(This post should have been ready on March 6, 2016: and probably would have been, if I hadn't been out of state at the time.)
"1 The tax collectors and sinners were all drawing near to listen to him,
"but the Pharisees and scribes began to complain, saying, 'This man welcomes sinners and eats with them.'
You know the story but I'll tell it anyway: the older son stays home, follows orders, and generally toes the line; the younger one asks for his share of the family fortune, gets it, and enjoys the high life — until his money runs out.
Anyway the younger son ends up working as a swineherd: pretty much the opposite of a high-status job. Topping it off, he was still hungry: and not allowed to eat the hogs' chow.
That's when he remembers that his father's servants had more than he did — decides to go home, admit that he'd been wrong, and ask for a job:
"...'Father, I have sinned against heaven and against you.
Instead of a job, the younger son gets a hug and a kiss, fancy clothes, and a party.
The older son, on his way back from working in the fields, hears the party, learns that his younger brother is getting treated better than he'd ever been: and reacts pretty much as you might expect.
Eventually their father came out to talk. The older son complains — you know how it goes.
The father explains that the older son has everything the father had: and "...now we must celebrate and rejoice, your brother was dead and has come to life again; he was lost and has been found." (Luke 15:32)
Before talking about sinners, Pharisees, and mercy, I'd better talk about sin.
Sin is deciding that I'll do something I know is bad for myself, or others: or deciding to not do something I should. It's an offense against reason, truth, and God. (Catechism of the Catholic Church, 1849-1864)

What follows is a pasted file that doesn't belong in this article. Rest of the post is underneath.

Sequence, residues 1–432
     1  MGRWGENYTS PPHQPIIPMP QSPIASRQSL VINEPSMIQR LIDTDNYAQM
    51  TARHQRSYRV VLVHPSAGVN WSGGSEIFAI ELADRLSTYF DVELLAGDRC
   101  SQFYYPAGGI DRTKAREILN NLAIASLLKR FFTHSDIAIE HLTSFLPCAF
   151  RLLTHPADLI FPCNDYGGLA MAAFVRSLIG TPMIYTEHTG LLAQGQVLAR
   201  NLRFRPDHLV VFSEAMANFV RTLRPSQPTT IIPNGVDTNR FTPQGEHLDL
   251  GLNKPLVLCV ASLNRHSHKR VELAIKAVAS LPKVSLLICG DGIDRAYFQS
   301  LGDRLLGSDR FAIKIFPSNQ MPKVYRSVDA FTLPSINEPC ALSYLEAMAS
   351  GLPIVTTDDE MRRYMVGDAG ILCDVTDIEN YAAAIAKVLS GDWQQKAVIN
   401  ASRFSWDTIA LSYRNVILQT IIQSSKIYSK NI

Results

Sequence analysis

Maybe it'd be simpler if humanity was split into the "righteous" and "sinners:" but that's not how it is. I've talked about Holy Willie, Nietzsche, and the Pope, before. (September 27, 2015; July 27, 2014)
Our Lord set a pretty high standard on Golgotha. (April 12, 2015)
I want to wrap this up while there's still a remote chance that I'll have Friday's post ready in time, so —
More about forgiveness and alternatives:
"11 If you forgive others their transgressions, your heavenly Father will forgive you.
"1 Therefore, you are without excuse, every one of you who passes judgment. 2 For by the standard by which you judge another you condemn yourself, since you, the judge, do the very same things. ... There is no partiality with God."
Forgiving others and showing mercy does not mean being stupid. We can decide that what someone does is a "grave offense:" and we must trust God's justice and mercy for what happens to them — and to each of us — in the long run. (Catechism, 1861)
More of my take on long-term planning:
- "Training, Lent, and Me"
(February 14, 2016)
(December 13, 2015)
- "Evil is Not Good"
(December 6, 2015)
- "Life, Death, and Love"
(November 1, 2015)
- " 'Those Who are Just Must be Kind' "
(July 20, 2014)